In Xanathar's Guide to Everything (p. 134), the rules for learning languages during downtime state:

Resources. Receiving training in a language or tool typically takes at least 10 workweeks, but this time is reduced by a number of workweeks equal to the character's Intelligence modifier [...]

Given that the Intelligence modifier is mentioned as a way of speeding up the learning process, the intelligence of the character would likely also impact how much of a language they'd have picked up in two weeks compared to someone less intelligent.

But roughly speaking, it's still going to be the DM's and/or player's interpretation of how much of a language can be learned within that percentage of the overall time it would take them (meaning, given that someone with an Intelligence score of 14 (modifier +2) would need 8 weeks, then two weeks worth of training would be 25% of the overall time needed, but what exactly "25% percent of knowing a language" means is up to the DM and the player).

| improve this answer | |
\$\endgroup\$
6
\$\begingroup\$

I agree with the other answers that there is no specific rule for that, but if you want to house-rule it, you can offer the character Intelligence checks to see if they are able to communicate, with the DC set to whatever you feel represents the character's overall proficiency level. For example,

The guard is speaking very quickly, and your language training in Common is incomplete. Roll a DC 15 Intelligence check to see if you understand what he said.

On success:

The guard told his colleague, "I'm on duty until lights out, after which I'm going to bed. Be careful of that elf in Cell 3, don't let him cast any fire spells."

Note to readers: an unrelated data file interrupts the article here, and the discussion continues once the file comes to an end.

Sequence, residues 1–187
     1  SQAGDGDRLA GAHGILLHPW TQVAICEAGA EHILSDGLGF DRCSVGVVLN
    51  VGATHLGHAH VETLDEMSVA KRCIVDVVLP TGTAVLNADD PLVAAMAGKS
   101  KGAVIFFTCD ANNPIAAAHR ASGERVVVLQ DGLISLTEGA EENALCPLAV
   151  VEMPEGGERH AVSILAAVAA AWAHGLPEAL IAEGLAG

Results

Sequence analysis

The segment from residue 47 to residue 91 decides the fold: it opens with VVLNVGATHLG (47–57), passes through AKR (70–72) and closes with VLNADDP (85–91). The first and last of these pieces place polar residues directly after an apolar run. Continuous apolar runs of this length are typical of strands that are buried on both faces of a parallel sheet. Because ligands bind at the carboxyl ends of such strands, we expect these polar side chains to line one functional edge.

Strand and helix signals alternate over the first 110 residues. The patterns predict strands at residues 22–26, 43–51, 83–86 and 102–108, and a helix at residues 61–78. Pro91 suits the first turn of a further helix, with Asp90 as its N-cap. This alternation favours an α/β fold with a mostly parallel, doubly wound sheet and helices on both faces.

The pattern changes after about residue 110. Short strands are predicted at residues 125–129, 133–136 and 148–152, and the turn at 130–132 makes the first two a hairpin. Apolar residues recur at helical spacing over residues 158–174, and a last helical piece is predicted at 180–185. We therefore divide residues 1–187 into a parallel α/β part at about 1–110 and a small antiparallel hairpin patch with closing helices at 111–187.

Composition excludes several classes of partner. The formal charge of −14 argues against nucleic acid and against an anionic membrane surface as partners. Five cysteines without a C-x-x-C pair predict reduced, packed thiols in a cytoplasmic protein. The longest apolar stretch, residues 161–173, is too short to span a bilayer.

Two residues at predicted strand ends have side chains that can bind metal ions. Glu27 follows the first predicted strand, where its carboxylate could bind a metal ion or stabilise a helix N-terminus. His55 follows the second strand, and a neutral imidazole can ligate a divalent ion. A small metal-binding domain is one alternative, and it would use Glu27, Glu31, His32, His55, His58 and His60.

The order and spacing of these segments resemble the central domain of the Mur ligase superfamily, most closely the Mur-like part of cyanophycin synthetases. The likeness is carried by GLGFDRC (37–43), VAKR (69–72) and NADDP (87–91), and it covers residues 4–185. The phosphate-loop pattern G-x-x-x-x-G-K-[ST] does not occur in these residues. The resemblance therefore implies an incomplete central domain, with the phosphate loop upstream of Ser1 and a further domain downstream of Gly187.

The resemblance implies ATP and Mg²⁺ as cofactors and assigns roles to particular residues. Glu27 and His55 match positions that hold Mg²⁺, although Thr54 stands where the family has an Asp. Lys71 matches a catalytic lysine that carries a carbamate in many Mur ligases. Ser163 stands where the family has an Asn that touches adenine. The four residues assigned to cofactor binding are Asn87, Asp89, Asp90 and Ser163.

On failure:

The guard said something about lights and being careful. You were not able to make out anything else.

On critical failure:

All you hear is unintelligible syllables. You can't make out anything.

You can have a similar rule for expressive communication. On success, you get your message across to the guard. On failure, he can't understand you. On critical failure, you inadvertently insult his mother.

| improve this answer | |
\$\endgroup\$
  • 3
    \$\begingroup\$ Just out of curiosity, did you do this at the table in any of your groups? My Half-Orc Champion had learned Dwarf during down timel he was 9/10ths done (we used the complications table from the UA a few years ago) with Elvish when the region got attacked and we were off on the adventure. I had already spent the gold, and the DM ruled that if I tried to speak Elvish, I'd need to make an INT check to be clearly understood; and if I failed, there would be a chance at offending an elf native speaker. (That we ran into some drow later made for a weirdly comic encounter, by accident ...) \$\endgroup\$ – KorvinStarmast Jun 2 at 13:34

Your Answer

By clicking “Post Your Answer”, you agree to our terms of service, privacy policy and cookie policy

Not the answer you're looking for? Browse other questions tagged or ask your own question.